Location: NYC

Re: Social Security benefits for adult with Down Syndrome?

Post by retire2022 » Tue Feb 04, 2020 8:00 pm

illumination wrote:
Tue Feb 04, 2020 6:38 pm
Thanks to everyone, this was the sort of breakdown I was looking for.

His parents are both on social security and were high earners. In addition, he also probably has 40 quarters of work, but it was part time. Any idea if that makes a difference? These were jobs like working as a grocery bagger 2-3 days a week.

It sounds like SSDI would be the right path at this point to pursue and not SSI. I think anything means tested is going to be a big problem unless a special needs trust is introduced.

Thanks again for the help.
Op a lot of medicaid/medicare rules is contingent on your state where your relatives reside, I would google medicare/medicaid on your state website, with key words like assets, claw back provisions.

My cousin set up their two autistic kids with special needs trust with an attorney. I am not sure what they did exactly because I was not involved in the decision making process.

User avatar
Kenkat
Posts: 6317
Joined: Thu Mar 01, 2007 11:18 am
Location: Cincinnati, OH

Re: Social Security benefits for adult with Down Syndrome?

Post by Kenkat » Tue Feb 04, 2020 8:00 pm

Sounds like SSDI should be looked into. Social Security credits are earned based on income; you get 1 social security credit for earning the defined amount (it was $1360 in 2019) and you can earn up to 4 in a year. He would also qualify for Medicare 2 years after the determined disability date (note that they only go back so far, however) and back pay from that date. The application process is rather intensive; be sure to document everything with doctor reports, etc. He would receive the higher of his own benefit or the parent’s benefit.

MtnBiker
Posts: 287
Joined: Sun Nov 16, 2014 4:43 pm

Re: Social Security benefits for adult with Down Syndrome?

Post by MtnBiker » Tue Feb 04, 2020 8:04 pm

illumination wrote:
Tue Feb 04, 2020 6:38 pm
Thanks to everyone, this was the sort of breakdown I was looking for.

His parents are both on social security and were high earners. In addition, he also probably has 40 quarters of work, but it was part time. Any idea if that makes a difference? These were jobs like working as a grocery bagger 2-3 days a week.

It sounds like SSDI would be the right path at this point to pursue and not SSI. I think anything means tested is going to be a big problem unless a special needs trust is introduced.

Thanks again for the help.
Please read through the following thread. It has a lot of information that may be pertinent to your BIL's case. In particular, the concepts of dual and simultaneous entitlement to SSDI benefits, the need to apply on both parent's earnings records to maximize benefits for the family (combined family maximum), definition of Substantial, Gainful Activity, etc. Every family's situation is different and there are a lot of different aspects that need to be understood in order to navigate through the government benefits minefield. viewtopic.php?t=141350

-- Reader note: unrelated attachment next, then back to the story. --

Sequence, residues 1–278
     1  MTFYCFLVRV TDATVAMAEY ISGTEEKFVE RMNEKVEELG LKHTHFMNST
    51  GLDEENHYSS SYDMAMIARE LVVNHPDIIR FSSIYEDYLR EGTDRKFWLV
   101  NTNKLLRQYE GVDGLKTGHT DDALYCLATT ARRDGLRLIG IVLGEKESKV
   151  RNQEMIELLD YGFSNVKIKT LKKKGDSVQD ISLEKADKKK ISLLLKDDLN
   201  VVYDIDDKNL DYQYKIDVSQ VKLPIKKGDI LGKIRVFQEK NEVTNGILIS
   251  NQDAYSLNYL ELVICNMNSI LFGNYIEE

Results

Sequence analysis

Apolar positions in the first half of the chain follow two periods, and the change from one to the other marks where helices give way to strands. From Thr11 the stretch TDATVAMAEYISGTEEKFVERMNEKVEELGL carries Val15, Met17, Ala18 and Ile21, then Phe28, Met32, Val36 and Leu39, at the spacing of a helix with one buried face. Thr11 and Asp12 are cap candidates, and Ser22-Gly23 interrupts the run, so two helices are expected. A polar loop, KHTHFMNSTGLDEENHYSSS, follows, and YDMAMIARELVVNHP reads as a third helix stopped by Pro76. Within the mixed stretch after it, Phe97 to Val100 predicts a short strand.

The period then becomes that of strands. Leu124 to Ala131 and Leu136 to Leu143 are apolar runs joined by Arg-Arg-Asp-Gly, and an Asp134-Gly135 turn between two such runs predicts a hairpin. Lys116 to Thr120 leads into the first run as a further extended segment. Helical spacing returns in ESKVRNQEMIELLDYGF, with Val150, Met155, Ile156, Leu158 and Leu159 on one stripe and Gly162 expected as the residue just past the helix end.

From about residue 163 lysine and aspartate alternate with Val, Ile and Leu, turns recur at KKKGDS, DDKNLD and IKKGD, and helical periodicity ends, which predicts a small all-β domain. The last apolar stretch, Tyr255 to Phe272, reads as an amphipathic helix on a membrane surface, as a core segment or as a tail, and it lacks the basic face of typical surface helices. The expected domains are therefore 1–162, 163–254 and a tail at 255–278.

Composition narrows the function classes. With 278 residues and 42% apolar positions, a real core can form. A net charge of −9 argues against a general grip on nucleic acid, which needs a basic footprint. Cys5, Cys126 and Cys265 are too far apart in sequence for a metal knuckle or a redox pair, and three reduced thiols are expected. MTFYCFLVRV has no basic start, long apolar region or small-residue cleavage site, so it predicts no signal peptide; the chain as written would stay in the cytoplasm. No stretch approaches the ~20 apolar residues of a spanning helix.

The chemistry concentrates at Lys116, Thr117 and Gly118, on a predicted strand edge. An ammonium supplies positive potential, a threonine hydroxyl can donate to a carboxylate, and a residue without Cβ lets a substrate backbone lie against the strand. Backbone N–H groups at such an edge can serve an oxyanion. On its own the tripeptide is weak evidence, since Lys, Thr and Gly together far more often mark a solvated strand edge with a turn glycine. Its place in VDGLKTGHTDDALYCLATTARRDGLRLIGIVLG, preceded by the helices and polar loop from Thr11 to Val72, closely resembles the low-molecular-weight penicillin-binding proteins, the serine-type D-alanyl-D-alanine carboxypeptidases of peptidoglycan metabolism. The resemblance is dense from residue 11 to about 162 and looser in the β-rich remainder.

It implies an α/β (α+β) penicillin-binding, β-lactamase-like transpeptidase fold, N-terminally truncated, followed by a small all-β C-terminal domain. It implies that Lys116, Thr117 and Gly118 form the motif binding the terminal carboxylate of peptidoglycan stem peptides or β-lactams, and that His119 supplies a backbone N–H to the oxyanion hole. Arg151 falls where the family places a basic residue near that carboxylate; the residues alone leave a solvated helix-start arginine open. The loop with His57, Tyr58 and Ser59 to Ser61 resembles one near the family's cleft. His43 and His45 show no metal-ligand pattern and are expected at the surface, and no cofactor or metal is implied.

CFOKevin
Posts: 134
Joined: Sat Jan 04, 2014 4:07 pm

Re: Social Security benefits for adult with Down Syndrome?

Post by CFOKevin » Tue Feb 04, 2020 11:40 pm

illumination,

Great that you are getting involved in this. It sounds like the family's intentions are good but they have failed to structure things in the way that is best for everyone. You should find out whether they have the basics covered (will, trust, guardianship, successor guardian(s)) and get a lawyer to explore whether the current trust can be converted to a Special Needs Trust. It would also be good to figure out how health insurance is covered now.

As noted above, your BIL with Downs should be on SSDI now given his work history. My daughter switched at 21 once she had three years of part-time work on her record. SSDI is much easier to deal with as far as paperwork as the benefit doesn't adjust each month based on earnings. Given that your BIL is 40, one or both parents are probably retired? If that is the case, your BIL will qualify for a Disabled Adult Child benefit on the parent's SS record and will likely get a larger monthly benefit that will supersede what he's eligible for on SSDI.

Getting him eligible for Medicaid/Medicare is vitally important since that coverage is the gateway to a variety of funded adult services. For my daughter, the SSI filing triggered it and we didn't need a lawyer to help. Adult benefits vary greatly by State and we feel lucky to be in Wisconsin now after living in CA and IL earlier in our daughter's life. Our daughter who receives SSDI also receives 40 hours of live-in care each week, job coaching and employment support, respite services and transportation which allow her to live as independently as possible. That is usually what parents want for their children with (and without!) special needs. However, a lack of planning/benefits often results in adult children living in their parents' home until parental health issues (or death) triggers a move-out. In most of those cases, that is a very difficult transition to make at a very stressful time.

Best of Luck,

Kevin

Post Reply